Detroit News: Beliefs of People Who Run Adoption Agencies Are More Important Than Children

One possible takeaway from a bill moving through Michigan's legislature is that when it comes to adoptions, the religious beliefs of people who run adoption agencies are more important than the well being of the children to be adopted.

The bills would guarantee private adoption agencies working on state contracts would be protected from rules that could compromise their religious or moral convictions.


Among those who spoke to oppose the legislation was Jay Kaplan. He’s an attorney for the American Civil Liberties Union. He says these bills would make it legal for private adoption agencies to discriminate against qualified adoptive parents even if it was not in the best interest of a child.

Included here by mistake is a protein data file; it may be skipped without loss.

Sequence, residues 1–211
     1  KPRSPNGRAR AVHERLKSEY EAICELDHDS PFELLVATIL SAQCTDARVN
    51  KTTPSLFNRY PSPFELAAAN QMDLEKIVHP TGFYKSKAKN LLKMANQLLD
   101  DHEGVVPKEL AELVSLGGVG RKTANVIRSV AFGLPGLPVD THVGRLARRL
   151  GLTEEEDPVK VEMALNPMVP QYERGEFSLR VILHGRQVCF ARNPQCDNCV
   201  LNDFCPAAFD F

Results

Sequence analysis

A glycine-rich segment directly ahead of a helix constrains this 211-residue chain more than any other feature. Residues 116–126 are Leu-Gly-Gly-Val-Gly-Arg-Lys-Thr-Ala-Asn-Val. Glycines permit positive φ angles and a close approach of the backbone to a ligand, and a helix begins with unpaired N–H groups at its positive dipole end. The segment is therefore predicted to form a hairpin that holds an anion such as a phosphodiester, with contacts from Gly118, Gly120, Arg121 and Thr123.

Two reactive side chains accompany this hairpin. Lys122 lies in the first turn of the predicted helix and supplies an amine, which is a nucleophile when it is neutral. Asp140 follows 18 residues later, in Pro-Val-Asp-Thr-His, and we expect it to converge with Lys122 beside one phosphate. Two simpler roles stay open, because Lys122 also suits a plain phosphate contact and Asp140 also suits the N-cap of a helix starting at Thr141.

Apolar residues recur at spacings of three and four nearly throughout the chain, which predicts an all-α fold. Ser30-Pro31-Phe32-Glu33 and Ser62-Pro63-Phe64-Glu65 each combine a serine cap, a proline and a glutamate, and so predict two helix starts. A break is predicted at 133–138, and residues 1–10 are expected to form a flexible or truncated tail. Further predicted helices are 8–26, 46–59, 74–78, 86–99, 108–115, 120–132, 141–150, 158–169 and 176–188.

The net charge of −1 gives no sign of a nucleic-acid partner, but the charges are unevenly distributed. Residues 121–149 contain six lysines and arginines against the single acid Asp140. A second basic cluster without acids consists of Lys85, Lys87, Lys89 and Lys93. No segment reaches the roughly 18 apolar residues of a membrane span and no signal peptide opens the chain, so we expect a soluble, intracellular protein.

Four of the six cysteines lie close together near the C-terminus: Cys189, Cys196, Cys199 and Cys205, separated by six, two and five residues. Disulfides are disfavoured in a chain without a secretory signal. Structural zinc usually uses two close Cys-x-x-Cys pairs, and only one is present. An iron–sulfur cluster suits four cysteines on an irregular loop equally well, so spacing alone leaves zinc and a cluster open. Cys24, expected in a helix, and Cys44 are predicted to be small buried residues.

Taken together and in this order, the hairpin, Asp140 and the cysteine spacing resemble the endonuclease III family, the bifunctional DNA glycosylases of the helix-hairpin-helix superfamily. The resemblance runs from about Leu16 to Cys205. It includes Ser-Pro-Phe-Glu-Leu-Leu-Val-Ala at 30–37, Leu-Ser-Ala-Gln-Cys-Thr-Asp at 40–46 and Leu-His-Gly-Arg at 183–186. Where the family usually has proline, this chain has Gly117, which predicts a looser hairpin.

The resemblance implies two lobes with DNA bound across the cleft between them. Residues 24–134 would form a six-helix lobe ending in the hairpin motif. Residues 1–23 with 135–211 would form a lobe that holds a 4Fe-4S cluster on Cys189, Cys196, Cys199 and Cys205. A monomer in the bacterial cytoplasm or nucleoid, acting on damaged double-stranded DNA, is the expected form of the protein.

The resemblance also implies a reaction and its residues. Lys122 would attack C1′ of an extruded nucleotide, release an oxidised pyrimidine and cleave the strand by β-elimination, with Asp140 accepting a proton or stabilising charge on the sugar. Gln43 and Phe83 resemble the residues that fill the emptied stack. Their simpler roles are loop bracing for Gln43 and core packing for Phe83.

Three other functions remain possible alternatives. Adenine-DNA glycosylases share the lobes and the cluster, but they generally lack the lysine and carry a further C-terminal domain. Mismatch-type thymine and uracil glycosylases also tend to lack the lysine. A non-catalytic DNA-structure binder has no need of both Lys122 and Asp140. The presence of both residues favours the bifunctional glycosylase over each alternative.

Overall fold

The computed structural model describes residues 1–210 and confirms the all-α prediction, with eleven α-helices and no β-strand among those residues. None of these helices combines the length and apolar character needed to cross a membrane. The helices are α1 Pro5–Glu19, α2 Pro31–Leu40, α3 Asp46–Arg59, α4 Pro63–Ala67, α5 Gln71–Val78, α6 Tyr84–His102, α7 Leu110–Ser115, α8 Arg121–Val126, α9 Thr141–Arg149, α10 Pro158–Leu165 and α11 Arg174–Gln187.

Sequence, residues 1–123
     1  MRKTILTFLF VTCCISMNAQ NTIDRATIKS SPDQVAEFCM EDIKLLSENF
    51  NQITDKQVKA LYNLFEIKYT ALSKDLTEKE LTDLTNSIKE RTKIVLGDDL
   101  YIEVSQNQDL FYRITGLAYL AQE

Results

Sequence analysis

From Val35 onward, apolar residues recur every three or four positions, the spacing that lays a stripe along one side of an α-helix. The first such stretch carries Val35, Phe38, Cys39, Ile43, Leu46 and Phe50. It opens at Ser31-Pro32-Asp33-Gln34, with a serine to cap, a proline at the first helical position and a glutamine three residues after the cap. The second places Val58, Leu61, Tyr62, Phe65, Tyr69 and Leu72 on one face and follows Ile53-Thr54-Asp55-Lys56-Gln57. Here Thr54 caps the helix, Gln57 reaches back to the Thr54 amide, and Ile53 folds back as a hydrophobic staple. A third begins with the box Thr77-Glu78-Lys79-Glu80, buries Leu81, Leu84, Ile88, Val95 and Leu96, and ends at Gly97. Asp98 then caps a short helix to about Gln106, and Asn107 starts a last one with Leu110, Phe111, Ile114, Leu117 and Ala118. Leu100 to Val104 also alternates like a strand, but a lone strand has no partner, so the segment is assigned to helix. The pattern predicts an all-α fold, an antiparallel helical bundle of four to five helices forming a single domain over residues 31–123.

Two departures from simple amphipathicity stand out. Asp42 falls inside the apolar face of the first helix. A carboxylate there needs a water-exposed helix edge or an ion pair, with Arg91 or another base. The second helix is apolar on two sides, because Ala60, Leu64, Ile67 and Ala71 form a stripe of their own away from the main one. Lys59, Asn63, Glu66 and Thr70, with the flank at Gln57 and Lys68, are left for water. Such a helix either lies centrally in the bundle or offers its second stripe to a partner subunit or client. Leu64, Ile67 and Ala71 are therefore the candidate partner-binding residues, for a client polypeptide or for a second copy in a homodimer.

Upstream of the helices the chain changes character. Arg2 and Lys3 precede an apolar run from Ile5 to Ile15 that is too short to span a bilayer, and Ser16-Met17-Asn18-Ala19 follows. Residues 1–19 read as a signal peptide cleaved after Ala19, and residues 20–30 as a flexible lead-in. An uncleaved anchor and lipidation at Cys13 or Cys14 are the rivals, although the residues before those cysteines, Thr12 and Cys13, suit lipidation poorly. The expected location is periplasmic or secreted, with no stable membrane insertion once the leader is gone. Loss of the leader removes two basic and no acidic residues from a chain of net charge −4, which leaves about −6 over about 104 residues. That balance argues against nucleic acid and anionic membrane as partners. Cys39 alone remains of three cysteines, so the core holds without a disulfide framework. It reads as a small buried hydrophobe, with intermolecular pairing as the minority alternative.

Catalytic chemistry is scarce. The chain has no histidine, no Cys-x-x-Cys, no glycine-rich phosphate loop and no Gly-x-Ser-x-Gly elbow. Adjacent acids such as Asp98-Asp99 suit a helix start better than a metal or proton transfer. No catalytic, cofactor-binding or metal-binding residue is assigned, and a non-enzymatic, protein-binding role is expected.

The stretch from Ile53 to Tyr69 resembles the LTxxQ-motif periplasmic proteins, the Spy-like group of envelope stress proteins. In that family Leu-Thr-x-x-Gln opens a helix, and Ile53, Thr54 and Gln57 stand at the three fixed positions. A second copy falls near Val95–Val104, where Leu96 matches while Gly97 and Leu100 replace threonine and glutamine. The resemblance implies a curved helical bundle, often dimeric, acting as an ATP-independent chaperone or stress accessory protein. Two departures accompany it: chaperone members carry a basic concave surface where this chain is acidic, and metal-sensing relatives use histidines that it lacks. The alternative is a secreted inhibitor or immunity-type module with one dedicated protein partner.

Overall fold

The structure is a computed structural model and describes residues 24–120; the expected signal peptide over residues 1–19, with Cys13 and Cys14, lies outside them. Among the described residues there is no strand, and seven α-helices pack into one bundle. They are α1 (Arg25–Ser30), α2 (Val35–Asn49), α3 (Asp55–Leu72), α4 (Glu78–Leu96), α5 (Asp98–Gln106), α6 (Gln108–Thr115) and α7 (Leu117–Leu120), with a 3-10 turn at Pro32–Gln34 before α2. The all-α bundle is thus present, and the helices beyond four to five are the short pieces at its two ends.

Among the possible examples he outlined, he described, “A Jewish adoption agency could refuse to place a medically needy child into a Lutheran home of medical professionals. A loving aunt could be turned away from adopting her nephew because she is divorced or single. An agency may believe that women should raise a child and as a consequence deny any placements to a male caregiver.”

The ACLU feels this is using public money to discriminate based on religious beliefs.

So, in other words, public money could be used to discriminate, not just against homosexuals but against anyone if they can tie it to a "religious or moral belief." If you are a Southern Baptist who runs a private adoption agency and who believes that the Jews murdered Jesus, and you were contracted by the state to find a home for a Jewish baby, you could reject a Jewish family member who wanted to adopt that child on the grounds that you think Jews murdered Jesus.

The Detroit News officially thinks this is great.


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